“Most of us have given very little thought to it; we have hardly inquired into the nature of what life is and how to live our daily life with all its ugly turmoil, passing pleasures, and a great deal of entertainment, both religious and otherwise. We have studied academic subjects, spent years to become a doctor, a surgeon, or an engineer, and never at the end asked how to live a life without any conflict, without any of the problems that are involved in our daily unfortunate lives.” ~ J. Krishnamurti
Asking questions is more important than having answers.
But often we are too scared to ask the hard questions, because we hate the feeling of not knowing the answers.
Unfortunately, even though asking questions has nothing to do with having a correct answer, grade school ruined the ability for most of us to allow ourselves to be answerless.
Everything is uncertain.
All thoughts, in many ways, are just opinions.
That is why simply being open and asking the hard questions about our lives, and the universe in general, is so empowering. We are opening to the mystery when we are willing to ask with no need for an answer.
Looking for questions to ask about your own life and the world in general? Here are four suggestions:
1. Why am I here?
In many ways this questions seems juvenile and basic, but in other ways it is the deepest question we can ask ourselves—and perhaps the only one we need to ask.
It is important to remember that the answer to “why I am here?” is probably not straightforward. The answer probably combines feeling, memory, imagery, sensation and belief. This question, asked sincerely, will open us up to a myriad of new experiences that may include grief, regret and the need for forgiveness. It might feel a little rough while we are processing the reality of this question, and we might wonder what is the point of even asking it if everything is going to be confusing.
I hope you will trust me that it is worth it. When a felt sense of our own meaning grows, life becomes much more comfortable, abundant and full of ease. But we will never find this alignment of meaning if we don’t first ask the hard yet essential question of “Why am I here?”
2. How can I be of service?
Caring about the world and others is amazing and painful. We want war to stop so badly. We want suffering to end; however, at the same time we feel powerless to be of any help to anyone. We need to accept that we are one person, and that if we don’t care for ourselves we won’t be of help to anyone else, but still we need to contribute.
When we ask ourselves how we can be of service, answers start to arise. The answers might point to small contributions we can make once a year or something we can do each and every day. We are all capable of contributing; we just need to find our own way of doing it.
3. How do I want to feel?
The cognitive mind takes over our lives at times and tells us what we need to do to survive. It looks for logical answers to our life’s most precious needs. But it can’t answer the question about how we want to feel. This comes from someone lower in our body. Or many places lower in our body.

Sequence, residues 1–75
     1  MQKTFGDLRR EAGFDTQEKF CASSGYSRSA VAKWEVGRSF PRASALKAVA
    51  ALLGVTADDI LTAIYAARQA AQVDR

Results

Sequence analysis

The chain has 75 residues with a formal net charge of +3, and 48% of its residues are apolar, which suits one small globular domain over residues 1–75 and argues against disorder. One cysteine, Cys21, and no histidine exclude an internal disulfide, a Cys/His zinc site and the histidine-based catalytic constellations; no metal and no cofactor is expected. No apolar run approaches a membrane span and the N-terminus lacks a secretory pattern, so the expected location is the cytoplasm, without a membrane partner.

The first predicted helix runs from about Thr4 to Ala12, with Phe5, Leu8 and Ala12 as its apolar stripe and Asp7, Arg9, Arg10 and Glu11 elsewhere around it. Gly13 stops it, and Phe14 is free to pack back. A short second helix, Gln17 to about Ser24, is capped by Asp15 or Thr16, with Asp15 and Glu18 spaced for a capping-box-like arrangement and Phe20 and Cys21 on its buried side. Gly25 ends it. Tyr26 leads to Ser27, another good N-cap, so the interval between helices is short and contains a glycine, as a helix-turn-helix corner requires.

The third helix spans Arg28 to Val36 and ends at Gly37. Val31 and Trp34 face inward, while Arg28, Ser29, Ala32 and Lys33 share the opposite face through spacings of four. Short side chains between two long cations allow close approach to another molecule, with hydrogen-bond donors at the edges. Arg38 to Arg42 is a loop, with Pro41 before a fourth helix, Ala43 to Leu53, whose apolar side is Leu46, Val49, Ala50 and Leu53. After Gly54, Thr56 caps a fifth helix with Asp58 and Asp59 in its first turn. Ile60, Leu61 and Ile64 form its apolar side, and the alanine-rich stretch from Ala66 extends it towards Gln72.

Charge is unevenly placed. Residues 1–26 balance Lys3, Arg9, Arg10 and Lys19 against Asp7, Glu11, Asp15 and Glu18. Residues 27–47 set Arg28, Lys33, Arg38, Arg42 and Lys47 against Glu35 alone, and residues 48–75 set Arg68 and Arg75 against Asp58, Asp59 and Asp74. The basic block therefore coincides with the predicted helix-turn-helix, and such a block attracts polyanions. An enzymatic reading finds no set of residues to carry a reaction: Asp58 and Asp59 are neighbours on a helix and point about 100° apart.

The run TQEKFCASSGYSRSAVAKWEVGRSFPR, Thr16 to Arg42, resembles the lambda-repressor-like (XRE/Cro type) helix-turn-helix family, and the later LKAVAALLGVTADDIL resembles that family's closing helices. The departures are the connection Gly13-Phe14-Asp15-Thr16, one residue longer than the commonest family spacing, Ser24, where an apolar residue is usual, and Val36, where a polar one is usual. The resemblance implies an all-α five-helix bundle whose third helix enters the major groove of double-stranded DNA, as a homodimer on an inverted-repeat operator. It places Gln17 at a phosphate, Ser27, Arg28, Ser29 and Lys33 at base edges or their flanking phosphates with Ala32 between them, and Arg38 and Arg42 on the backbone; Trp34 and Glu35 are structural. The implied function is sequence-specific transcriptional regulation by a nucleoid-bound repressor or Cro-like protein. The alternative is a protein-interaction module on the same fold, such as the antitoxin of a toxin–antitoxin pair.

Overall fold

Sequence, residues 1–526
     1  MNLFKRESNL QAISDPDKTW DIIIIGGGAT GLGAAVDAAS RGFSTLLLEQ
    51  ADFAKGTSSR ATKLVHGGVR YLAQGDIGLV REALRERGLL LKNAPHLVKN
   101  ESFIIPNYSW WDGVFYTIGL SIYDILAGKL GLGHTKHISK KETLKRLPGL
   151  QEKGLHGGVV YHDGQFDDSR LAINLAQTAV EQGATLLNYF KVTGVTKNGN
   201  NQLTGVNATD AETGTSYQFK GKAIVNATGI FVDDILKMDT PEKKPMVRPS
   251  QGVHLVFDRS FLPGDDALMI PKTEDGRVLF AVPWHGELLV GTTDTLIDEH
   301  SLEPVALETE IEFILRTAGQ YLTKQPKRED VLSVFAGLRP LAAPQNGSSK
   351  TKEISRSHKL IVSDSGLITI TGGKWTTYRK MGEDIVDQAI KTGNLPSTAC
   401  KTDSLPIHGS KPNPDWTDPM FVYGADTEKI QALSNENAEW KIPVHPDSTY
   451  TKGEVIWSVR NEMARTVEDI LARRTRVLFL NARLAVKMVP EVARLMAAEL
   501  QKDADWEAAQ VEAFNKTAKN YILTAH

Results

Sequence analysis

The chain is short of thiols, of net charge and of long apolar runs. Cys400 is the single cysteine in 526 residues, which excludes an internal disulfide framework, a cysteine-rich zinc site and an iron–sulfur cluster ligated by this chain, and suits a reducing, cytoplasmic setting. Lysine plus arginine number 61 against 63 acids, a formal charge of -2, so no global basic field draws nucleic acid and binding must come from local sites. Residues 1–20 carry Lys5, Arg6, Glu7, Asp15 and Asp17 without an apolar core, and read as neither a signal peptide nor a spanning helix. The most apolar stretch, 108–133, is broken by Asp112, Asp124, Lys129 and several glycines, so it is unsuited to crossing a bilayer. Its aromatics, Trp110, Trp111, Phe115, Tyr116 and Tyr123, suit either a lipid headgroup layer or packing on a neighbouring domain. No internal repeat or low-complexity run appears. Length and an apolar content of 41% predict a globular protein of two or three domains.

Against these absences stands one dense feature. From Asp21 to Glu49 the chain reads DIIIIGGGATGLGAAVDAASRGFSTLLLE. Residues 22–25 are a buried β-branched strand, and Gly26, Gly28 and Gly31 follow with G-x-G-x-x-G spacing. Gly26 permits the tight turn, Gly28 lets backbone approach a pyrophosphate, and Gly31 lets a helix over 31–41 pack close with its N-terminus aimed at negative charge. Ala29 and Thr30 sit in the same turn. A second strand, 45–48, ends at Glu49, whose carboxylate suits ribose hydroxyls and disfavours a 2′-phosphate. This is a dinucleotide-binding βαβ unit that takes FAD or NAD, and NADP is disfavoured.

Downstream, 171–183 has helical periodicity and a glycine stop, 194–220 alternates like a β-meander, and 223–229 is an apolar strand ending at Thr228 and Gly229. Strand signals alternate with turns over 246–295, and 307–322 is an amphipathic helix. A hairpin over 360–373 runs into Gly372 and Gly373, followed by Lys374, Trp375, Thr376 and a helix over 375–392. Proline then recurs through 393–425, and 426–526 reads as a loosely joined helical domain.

Do we like feeling outgoing? Do we like feeling quiet? Do we like the feeling of concentrating? We are the only ones who can answer this question.
Once we start to pinpoint the feelings that we want to have, we will naturally migrate towards activities that bring these feelings about. We don’t need to suffer. We are here to feel good, but we first need to figure out what feels good to us. It is different for everyone.
4. How much of a day job do we want?
Not everyone is going to work for money full-time. This is just the reality, so let’s be empowered about it. This comes back to the first three questions.
Once we know why we are here, how we are going to be of service and how we want to feel, we can come clean to ourselves about how much we actually want to work. This does not mean getting serious about how much money we realistically need to earn or complaining that the company we work for refuses to give part-time positions. This is about asking for what we really want in our own consciousness, so that the opportunity can come about in an unexpected way. Some people want to work 60 hours a week. They feel alive when they are working and they love being dedicated to a project and a team, and this is how they want to spend their earthly time. Others only want to work 20 or 30 hours or less or more.
The answer doesn’t matter. This is personal for you. But we will never know how much paid work is appropriate for our own human system if we don’t ask ourselves this question.
Many times we don’t ask the hard questions, because it is scary not to know the answers. Sitting in the uncertainty of having no clue how we will ever get what we want can be infuriating.
But we need to be brave and courageous.
We will never have the lives we desire if we don’t put our best foot forward and try. And we won’t know what we are trying for if we don’t ask these four essential questions.
Start with question one, take your time, be patient and persistent and the answers will come. They might come in their own strange and unpredictable way, but I promise you the answers will come.
Author: Ruth Lera
Editor: Toby Israel